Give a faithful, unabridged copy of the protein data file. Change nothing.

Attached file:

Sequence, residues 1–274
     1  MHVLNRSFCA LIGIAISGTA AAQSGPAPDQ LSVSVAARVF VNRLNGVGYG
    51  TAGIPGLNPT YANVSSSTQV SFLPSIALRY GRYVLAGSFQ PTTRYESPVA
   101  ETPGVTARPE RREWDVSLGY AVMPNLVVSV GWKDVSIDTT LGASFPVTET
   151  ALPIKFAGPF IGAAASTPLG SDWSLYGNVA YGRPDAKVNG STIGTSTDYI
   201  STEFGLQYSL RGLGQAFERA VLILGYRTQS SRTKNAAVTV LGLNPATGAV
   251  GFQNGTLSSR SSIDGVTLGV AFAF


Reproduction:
Sequence, residues 1–274
     1  MHVLNRSFCA LIGIAISGTA AAQSGPAPDQ LSVSVAARVF VNRLNGVGYG
    51  TAGIPGLNPT YANVSSSTQV SFLPSIALRY GRYVLAGSFQ PTTRYESPVA
   101  ETPGVTARPE RREWDVSLGY AVMPNLVVSV GWKDVSIDTT LGASFPVTET
   151  ALPIKFAGPF IGAAASTPLG SDWSLYGNVA YGRPDAKVNG STIGTSTDYI
   201  STEFGLQYSL RGLGQAFERA VLILGYRTQS SRTKNAAVTV LGLNPATGAV
   251  GFQNGTLSSR SSIDGVTLGV AFAF